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Mainstream, VOL L No 13, March 17, 2012

On the Dark Realities facing Us

Tuesday 20 March 2012, by Humra Quraishi

Why this growing graph of abandoned-on -the-street children? Why thousands of Falaks? Why hundreds of women who have to sell off their own flesh and blood? Why the naïve get trapped into prostitution and related rackets?

You don’t have to be an investigative reporter to come to some basic conclusion, as some hard- hitting realities stand right out: C.C. Patil—Karnataka’s Women and Child Welfare Minister—was caught watching porn on a cell-phone with another of his ministerial colleagues, Laxman Savadi. Watching porn right inside the House, where a supposedly serious discussion was underway!

Well, what must be on in their own homes! Behind those four walls—well secured by security men to protect limbs and more! Perhaps, in those secure confines live porn and related off-shoots could be on, ongoing day after day. Also, if the so-called political ‘leaders’ are watching porn then what about the rest: the not-so-political and the average?

It is one of those definite shockers and requires not just one of those routine probes or the setting up of one of those commissions of enquiry. In fact, concerned citizens ought to take on, and question and query. Yes, citizens have that power to take to see what’s going amiss and try restore normalcy.

Concerned Citizens Write …

THIS brings me to write about a group of concerned citizens of Ahmedabad who have collectively written about another of those dark realities affecting the very fabric of this land. In fact, Ahmedabad-based Jesuit priest Father Cedric Prakash, along with several concerned citizens, has sent this letter to the Chief Justice of India.

I quote from it—“It is going to be 10 years of Gujarat Riot. Due to the absence of rule of law justice has eluded the riot victims. Thanks to the steps taken by the SC to reopen the cases, the appointment of Mr Raghavan in SIT followed by the appointment of Mr. Raju Ramachandran as the Amicus Curiae, raised hope that justice will finally prevail in Gujarat. But the way the SIT is functioning and probing the cases has made us apprehensive about its genuine interest to book the culprit. From the media we have come to know that the SIT is going to close the files of certain cases, particularly of Zakia Jafri. “Being concerned, we, the citizens, are drawing your attention. We have come to know that the Special Investigation Team (SIT) is planning to file a closure report. It appears that the SIT is performing a pre-determined task rather than working with a diligent and open mind. The failure of the SIT to identify the perpetrators in the face of clinching evidence will send a dange-rous signal—that despite the highest level inter-ventions, the Indian system allows the guilty to go unpunished. This will signal the end of hope. The SIT has first and foremost inexplicably delayed the filing of a charge-sheet as directed by the Honourable Supreme Court in September 2011 (12.9.2011). The SIT was reprimanded by the Apex Court in March 2011 for ignoring infe-rences in the evidence and when even after this reprimand, the SIT failed to measure up, the Amicus Curiae, by an order dated 5.5.2011, was given a free hand to meet witnesses, including policemen, bypassing the SIT. This meant that the SC asked for an independent assessment of the available evidence… Now reliable sources, as reported in the media, say that despite volumi-nous evidence and recommendations by the Amicus Curiae of the Supreme Court (Shri Raju Ramachandran) to prosecute Chief Minister Modi and his collaborators (politicians and policemen) for the anti-minority carnage 2002, the Special Investigation Team (SIT) is planning to file a closure report. If despite the recommen-dations of the Amicus Curiae, the SIT today files a closure report, this would be first and foremost a blow to the mass indignity suffered by victims and would signal a grave threat to faith in the rule of law, democracy the relationships between communities. Faith in our system will be deeply eroded. So as citizens committed to the rule of law we need to raise the following issues:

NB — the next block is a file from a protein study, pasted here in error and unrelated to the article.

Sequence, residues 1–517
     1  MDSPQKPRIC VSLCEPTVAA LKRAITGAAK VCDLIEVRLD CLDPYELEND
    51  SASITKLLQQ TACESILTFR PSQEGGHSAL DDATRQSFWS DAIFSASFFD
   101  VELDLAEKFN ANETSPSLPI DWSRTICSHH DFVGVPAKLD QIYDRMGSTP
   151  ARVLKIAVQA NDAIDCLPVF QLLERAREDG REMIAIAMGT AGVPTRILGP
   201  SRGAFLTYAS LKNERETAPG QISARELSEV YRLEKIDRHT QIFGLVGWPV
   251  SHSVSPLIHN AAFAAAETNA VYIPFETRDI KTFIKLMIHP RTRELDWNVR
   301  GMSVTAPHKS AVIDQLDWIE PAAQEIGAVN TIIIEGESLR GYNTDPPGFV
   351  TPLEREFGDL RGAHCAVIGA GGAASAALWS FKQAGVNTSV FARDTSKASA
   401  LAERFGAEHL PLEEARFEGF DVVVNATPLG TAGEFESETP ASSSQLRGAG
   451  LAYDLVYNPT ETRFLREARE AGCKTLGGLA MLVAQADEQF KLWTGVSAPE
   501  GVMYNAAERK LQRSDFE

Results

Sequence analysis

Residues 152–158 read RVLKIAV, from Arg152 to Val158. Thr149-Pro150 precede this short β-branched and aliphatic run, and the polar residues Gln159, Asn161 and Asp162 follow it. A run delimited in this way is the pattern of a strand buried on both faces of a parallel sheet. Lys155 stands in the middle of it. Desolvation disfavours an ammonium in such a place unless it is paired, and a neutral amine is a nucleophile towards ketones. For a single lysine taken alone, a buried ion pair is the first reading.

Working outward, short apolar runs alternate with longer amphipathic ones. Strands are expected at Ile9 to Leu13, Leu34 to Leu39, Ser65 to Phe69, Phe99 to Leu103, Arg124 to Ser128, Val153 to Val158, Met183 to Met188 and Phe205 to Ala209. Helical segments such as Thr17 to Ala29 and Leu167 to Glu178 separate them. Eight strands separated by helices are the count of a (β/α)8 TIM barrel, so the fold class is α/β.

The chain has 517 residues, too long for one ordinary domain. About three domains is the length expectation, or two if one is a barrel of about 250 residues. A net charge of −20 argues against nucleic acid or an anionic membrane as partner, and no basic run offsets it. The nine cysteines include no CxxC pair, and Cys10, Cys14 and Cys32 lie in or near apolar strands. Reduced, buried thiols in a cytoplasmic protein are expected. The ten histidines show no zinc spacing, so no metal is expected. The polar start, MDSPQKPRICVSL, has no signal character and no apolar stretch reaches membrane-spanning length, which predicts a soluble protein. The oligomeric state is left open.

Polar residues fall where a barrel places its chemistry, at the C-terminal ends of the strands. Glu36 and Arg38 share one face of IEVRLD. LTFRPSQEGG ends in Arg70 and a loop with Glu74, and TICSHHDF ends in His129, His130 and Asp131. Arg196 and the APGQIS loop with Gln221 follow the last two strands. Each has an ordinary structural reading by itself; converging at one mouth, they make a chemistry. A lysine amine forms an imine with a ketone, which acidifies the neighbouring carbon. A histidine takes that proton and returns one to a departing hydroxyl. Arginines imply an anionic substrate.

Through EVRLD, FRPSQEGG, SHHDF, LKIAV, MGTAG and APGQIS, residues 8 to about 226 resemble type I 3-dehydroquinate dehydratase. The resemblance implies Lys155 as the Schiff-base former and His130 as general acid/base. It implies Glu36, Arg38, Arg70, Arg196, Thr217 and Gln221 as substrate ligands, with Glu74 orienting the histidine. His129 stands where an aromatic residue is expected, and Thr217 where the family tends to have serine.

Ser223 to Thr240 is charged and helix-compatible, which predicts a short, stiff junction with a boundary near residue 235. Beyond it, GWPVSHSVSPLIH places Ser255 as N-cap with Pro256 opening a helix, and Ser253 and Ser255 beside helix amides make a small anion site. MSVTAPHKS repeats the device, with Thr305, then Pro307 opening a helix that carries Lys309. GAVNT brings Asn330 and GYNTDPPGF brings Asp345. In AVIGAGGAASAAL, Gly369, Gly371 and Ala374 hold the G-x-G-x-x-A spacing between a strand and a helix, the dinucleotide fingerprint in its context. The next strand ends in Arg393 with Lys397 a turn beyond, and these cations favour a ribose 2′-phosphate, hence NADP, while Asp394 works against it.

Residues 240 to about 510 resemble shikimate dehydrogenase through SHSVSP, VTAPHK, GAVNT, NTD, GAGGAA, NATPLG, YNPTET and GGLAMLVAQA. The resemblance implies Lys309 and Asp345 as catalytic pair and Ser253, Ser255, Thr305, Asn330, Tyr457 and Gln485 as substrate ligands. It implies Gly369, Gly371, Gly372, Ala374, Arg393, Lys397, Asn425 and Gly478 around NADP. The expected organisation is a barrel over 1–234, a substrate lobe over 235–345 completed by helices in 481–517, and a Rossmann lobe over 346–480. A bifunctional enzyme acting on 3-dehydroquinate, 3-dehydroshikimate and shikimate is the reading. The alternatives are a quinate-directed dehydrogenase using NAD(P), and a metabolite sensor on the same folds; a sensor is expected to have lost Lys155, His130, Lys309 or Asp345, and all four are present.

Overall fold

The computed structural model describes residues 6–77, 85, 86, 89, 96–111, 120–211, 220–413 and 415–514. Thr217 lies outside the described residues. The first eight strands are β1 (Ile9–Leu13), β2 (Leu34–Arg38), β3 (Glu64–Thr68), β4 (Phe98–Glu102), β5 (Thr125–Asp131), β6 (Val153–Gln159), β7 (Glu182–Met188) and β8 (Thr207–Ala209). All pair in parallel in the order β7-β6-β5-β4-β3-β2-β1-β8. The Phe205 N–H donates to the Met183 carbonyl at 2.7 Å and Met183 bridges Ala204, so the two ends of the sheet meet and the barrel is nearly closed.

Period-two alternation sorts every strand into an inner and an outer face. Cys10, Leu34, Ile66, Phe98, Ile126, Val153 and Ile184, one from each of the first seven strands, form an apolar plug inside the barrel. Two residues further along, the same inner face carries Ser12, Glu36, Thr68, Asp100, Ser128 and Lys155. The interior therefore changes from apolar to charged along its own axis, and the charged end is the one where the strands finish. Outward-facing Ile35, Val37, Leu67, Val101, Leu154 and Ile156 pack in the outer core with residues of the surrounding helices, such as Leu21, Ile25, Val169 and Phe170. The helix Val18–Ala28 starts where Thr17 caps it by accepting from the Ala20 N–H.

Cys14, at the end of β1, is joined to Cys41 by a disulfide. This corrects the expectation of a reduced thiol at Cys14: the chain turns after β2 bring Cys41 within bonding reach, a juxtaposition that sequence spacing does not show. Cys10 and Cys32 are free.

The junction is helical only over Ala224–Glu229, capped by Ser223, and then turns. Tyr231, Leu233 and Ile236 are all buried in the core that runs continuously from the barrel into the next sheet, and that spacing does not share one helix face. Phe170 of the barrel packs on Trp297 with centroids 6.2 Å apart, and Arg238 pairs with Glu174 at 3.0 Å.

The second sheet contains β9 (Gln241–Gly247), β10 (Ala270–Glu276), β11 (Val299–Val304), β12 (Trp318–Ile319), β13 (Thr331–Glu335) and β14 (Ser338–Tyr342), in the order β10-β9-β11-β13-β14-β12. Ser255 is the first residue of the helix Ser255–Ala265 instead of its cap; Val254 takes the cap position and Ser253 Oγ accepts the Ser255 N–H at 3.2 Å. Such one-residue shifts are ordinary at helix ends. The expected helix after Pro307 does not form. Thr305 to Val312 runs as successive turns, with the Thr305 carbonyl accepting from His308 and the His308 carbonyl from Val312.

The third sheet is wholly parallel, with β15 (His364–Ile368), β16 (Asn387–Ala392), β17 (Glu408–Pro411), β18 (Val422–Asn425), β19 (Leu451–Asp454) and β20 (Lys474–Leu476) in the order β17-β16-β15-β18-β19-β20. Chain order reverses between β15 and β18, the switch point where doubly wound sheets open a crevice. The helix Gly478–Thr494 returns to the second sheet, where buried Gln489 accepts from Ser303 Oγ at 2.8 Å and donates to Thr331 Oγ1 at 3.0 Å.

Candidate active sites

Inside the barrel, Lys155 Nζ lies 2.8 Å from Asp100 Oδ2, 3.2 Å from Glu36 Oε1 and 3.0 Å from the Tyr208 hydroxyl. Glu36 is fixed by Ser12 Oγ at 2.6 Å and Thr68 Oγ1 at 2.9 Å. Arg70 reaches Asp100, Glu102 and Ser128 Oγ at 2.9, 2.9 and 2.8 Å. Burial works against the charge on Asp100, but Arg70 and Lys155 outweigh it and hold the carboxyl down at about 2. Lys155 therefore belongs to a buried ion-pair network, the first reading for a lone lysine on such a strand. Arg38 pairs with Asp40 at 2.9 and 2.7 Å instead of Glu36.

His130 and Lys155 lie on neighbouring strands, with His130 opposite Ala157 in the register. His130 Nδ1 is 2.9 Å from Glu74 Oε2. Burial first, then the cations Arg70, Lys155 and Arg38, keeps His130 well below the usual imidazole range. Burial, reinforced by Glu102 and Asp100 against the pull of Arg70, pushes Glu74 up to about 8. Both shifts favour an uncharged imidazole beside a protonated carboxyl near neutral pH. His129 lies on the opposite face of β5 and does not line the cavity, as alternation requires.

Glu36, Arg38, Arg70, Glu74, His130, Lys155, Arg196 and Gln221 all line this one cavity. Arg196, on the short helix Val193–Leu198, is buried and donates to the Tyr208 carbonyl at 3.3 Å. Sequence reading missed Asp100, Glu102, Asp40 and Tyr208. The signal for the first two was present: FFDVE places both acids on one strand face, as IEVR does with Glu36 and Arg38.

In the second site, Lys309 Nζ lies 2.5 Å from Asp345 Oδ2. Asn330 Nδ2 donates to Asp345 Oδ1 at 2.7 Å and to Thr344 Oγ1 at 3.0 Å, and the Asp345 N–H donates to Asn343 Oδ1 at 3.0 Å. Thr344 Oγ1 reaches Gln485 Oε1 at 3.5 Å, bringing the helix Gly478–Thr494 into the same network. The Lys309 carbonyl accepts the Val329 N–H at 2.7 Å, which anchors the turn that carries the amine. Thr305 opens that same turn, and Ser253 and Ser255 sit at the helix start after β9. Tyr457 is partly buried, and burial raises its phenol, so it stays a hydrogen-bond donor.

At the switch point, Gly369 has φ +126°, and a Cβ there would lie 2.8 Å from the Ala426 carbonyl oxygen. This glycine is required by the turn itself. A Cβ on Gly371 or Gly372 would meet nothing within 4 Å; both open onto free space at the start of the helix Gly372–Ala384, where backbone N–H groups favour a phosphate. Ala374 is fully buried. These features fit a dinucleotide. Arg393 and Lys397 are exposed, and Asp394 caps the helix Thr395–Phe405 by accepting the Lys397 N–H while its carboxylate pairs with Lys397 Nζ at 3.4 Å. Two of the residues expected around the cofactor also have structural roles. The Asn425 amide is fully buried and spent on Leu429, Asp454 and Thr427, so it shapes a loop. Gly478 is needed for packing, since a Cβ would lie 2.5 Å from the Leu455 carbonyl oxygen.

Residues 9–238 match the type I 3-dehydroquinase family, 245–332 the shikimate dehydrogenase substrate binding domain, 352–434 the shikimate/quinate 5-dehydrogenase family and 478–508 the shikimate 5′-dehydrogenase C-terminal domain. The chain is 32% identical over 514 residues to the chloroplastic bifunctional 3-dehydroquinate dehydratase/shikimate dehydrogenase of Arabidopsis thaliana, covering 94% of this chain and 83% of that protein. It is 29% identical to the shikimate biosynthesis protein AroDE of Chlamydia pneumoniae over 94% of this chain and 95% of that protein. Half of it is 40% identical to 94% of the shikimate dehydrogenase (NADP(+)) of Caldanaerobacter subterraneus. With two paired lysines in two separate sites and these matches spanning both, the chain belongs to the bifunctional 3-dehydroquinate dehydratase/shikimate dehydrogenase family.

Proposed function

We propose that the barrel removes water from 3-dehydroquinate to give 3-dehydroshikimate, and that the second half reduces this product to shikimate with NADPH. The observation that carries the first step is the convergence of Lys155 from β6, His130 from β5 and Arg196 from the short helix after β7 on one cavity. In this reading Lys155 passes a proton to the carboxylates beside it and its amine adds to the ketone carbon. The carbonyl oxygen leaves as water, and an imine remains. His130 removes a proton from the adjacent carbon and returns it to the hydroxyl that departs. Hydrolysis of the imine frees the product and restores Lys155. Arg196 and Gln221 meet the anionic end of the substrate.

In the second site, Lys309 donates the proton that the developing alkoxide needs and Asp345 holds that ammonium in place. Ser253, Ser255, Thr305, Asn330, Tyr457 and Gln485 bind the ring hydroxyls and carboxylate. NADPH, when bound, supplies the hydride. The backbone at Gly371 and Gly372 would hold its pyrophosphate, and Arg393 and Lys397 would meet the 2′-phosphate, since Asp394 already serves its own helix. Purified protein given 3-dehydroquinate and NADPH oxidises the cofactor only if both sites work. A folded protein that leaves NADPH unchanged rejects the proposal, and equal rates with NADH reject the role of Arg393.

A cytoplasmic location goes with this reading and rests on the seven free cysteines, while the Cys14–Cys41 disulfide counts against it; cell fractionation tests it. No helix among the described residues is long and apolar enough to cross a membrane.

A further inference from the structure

• Why the over four-month delay in filing the charge-sheet as directed by the SC on 12.9.11?

• Why the reluctance by the SIT to thoroughly probe the issue of destruction and reappearance of critical documentary evidence by senior policemen, including police control room records, station diary entries, mobile phone records? (These records have been analysed by complainants/petitioners and placed before the SIT and the Court and are available in the public domain.)

• Why the reluctance of the SIT, to bring on record the statements of available witnesses on meetings that reportedly took place at the Chief Minister’s residence?

• Finally, when the Amicus Curaie Raju Rama-chandran has reportedly recommended the prosecution of the CM and his senior officers, where does the SIT find the impunity to exonerate the criminals?

“Let us not forget that the offences concerned include grave crimes against innocent citizens, in which policemen, administrators and politi-cians in positions of constitutional posts, have not only violated their oath but callously allowed lives to be brutally taken, dignity denied. The failure of the SIT to identify the perpetrators in the face of clinching evidence will send a dange-rous signal—that despite the highest level inter-ventions, the Indian system allows the guilty to go unpunished. This will signal the end of hope… As citizens of Gujarat we write to you concerned that a historic investigation under the super-vision of the Supreme Court since 2008 is being subverted by vested interests inimical to the rule of law. This could prove disastrous for lasting and sustainable justice that has to be the prerequisite for peace and harmony.”

ISSN : 0542-1462 / RNI No. : 7064/62